There are far more terrible senior software developers there than there are good. You cannot look at the current code base to see how things should be done. You will see plenty of examples of how poorly something can be implemented, which helps absolutely nobody. "But it works!" ... yeah ... about 95% of the time. The other 5% of the time it falls apart, and the 95% of the time it is up, it uses astronomically more CPU and RAM than should be necessary to accomplish the same task. The excuse is that the logic is a small piece of functionality, or it does not get used often enough, but the problem is, this mentality exists in almost virtually all code and it compounds into a mess. You need to spend a lot of time researching and reading material on your own time in order to actually learn how to do things the correct way; otherwise, you will wind up hurting your chances to move on to another software company. A lot of the times you are thrown into a project and not given the proper training nor the time to do the job properly (going back to research and reading on your own time). The company and senior management loves people that get the job done the fastest, even when the job is done poorly and inevitably requires a complete redesign and code refactoring. There are too few good, passionate senior-level software developers, and you will likely have to seek them out if you want to see how something should be done. It is highly probable you will only work with them on one or two projects, then go your separate ways and be apart for a long time. It took a few years before I got to start working on a project with one of them. This means that, inevitably, you will hit a wall where you are no longer learning anything new, but are stuck fixing other developer's terrible, terrible code to get things working efficiently and properly. Every great senior software developer there spends most of their time fixing garbage. The only exception is when you are starting a project on your own time or from scratch. The first part of my career I had plenty of opportunities to work on my own projects or start new projects (and some of those are terrible because I was forced to use a design that was inherently flawed, even when I brought up what issues it would cause). The last few months there, I was doing nothing but fixing other developer's poorly written code. If you hit that point, it is time to bail. You will not learn anything valuable, and all you will accomplish is falling further behind in your career, which would make looking for a job outside of defense more difficult.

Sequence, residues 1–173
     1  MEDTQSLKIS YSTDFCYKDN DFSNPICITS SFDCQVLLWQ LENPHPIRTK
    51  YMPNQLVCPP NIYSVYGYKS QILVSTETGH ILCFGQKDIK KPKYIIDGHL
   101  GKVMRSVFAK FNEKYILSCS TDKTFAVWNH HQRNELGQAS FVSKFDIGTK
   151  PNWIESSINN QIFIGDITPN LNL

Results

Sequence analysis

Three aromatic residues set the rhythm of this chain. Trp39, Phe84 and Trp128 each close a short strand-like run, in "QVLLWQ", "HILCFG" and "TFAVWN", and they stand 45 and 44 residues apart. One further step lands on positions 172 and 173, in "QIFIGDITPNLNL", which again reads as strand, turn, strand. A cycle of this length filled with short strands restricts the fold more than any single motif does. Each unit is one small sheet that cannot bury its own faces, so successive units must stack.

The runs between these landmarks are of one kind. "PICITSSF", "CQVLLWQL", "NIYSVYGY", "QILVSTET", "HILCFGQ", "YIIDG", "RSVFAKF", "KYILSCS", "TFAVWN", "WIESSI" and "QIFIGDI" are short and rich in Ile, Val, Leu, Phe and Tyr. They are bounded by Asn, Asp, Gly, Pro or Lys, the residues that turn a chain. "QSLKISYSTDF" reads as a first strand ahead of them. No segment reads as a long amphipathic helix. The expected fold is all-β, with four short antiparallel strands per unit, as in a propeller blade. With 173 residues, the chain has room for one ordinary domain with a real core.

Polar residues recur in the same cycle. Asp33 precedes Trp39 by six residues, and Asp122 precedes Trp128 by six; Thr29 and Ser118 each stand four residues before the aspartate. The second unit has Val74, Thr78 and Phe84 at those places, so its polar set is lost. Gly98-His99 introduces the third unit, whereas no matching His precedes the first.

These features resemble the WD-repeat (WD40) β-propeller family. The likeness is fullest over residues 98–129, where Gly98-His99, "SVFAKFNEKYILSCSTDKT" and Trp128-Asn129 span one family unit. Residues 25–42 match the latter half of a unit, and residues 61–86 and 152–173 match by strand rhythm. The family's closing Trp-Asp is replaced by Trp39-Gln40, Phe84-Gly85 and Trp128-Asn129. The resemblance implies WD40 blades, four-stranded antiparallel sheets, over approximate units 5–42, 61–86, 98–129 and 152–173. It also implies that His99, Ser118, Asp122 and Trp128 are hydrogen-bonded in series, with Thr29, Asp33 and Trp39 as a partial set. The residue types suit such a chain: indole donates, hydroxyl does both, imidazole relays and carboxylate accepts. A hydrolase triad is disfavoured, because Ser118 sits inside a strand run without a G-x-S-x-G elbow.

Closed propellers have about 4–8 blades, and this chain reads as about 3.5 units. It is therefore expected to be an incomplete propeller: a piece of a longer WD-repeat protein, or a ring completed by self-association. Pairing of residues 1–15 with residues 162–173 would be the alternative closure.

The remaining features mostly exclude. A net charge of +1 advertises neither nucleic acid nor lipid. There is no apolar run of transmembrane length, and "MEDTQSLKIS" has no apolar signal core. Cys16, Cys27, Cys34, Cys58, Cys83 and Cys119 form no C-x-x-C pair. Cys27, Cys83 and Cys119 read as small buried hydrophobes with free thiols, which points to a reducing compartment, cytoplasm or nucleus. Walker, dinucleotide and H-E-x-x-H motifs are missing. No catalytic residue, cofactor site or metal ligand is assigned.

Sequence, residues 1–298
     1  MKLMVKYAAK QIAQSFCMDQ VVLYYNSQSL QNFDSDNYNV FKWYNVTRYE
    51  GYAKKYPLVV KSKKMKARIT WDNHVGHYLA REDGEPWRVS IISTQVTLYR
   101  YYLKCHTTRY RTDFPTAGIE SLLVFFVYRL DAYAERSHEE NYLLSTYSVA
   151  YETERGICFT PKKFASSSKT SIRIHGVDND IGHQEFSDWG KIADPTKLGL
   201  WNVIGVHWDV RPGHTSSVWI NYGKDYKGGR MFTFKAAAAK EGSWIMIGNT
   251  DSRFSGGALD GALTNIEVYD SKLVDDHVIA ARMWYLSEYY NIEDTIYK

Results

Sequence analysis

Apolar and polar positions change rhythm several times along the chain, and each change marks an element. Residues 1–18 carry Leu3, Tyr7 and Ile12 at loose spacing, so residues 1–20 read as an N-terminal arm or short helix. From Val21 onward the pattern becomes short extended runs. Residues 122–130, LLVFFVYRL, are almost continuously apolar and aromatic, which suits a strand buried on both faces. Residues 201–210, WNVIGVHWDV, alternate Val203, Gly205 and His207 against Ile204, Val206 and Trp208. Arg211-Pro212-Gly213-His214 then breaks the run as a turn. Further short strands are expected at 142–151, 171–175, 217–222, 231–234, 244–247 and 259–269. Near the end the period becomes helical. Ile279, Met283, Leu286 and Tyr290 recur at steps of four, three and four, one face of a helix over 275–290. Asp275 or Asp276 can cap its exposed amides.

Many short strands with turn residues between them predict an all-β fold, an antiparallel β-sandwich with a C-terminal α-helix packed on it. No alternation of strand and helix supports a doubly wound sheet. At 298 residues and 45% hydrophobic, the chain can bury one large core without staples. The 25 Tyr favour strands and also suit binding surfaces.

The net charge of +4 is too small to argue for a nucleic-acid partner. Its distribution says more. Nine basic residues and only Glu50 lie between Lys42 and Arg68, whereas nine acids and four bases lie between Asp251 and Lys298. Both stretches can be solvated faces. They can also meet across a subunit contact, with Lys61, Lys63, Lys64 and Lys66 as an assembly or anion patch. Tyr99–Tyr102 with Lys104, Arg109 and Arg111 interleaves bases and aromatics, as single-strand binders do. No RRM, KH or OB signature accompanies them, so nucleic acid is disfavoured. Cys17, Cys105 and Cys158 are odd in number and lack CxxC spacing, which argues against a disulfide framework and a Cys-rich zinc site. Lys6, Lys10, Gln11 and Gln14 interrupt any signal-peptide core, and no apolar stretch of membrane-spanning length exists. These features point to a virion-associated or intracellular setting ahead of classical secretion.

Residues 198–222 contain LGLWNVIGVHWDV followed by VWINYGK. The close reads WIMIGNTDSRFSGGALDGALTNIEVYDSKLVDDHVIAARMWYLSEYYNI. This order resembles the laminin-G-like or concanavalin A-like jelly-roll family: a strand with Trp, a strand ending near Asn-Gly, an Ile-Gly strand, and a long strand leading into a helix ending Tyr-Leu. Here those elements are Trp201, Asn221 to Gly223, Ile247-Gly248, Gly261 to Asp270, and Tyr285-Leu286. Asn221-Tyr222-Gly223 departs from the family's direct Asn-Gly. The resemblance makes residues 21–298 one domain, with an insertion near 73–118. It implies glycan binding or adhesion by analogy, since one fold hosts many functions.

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  7. "Secure Career"

    4.0
    Current Employee - Software Engineer in Poway, CA

    I have been working at General Atomics full-time

    Pros

    Job security and exciting technology

    Cons

    Military/contract work, slow to adapt

  8. "Great experience when it was a startup company"

    1.0
    • Work/Life Balance
    • Culture & Values
    • Career Opportunities
    • Compensation and Benefits
    • Senior Management
    Former Employee - Engineering Manager in Poway, CA
    Doesn't Recommend
    Negative Outlook
    No Opinion of CEO

    I worked at General Atomics full-time for more than 10 years

    Pros

    Great hands on experience and bonus structure when the company was starting up.

    Cons

    Obsolete tools and technology, Compensation is not currently competitive, Human Resources is mismanaged contributing to problems with company culture.

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  9. "Quality Engineer"

    5.0
    • Work/Life Balance
    • Culture & Values
    • Career Opportunities
    • Compensation and Benefits
    • Senior Management
    Former Employee - Quality Engineer in Poway, CA
    Recommends

    I worked at General Atomics full-time for more than a year

    Pros

    Complex and amazing technology. Engaging work. Good benefits

    Cons

    Work shifted away from what I wanted to do and more what the company need. Decided to pursue other opportunities.

  10. "Solid first job"

    4.0
    Current Contractor - Software Engineer 

    I have been working at General Atomics

    Pros

    Good starting pay, difficulty isnt too substantial

    Cons

    Culture can be a bit negative about the company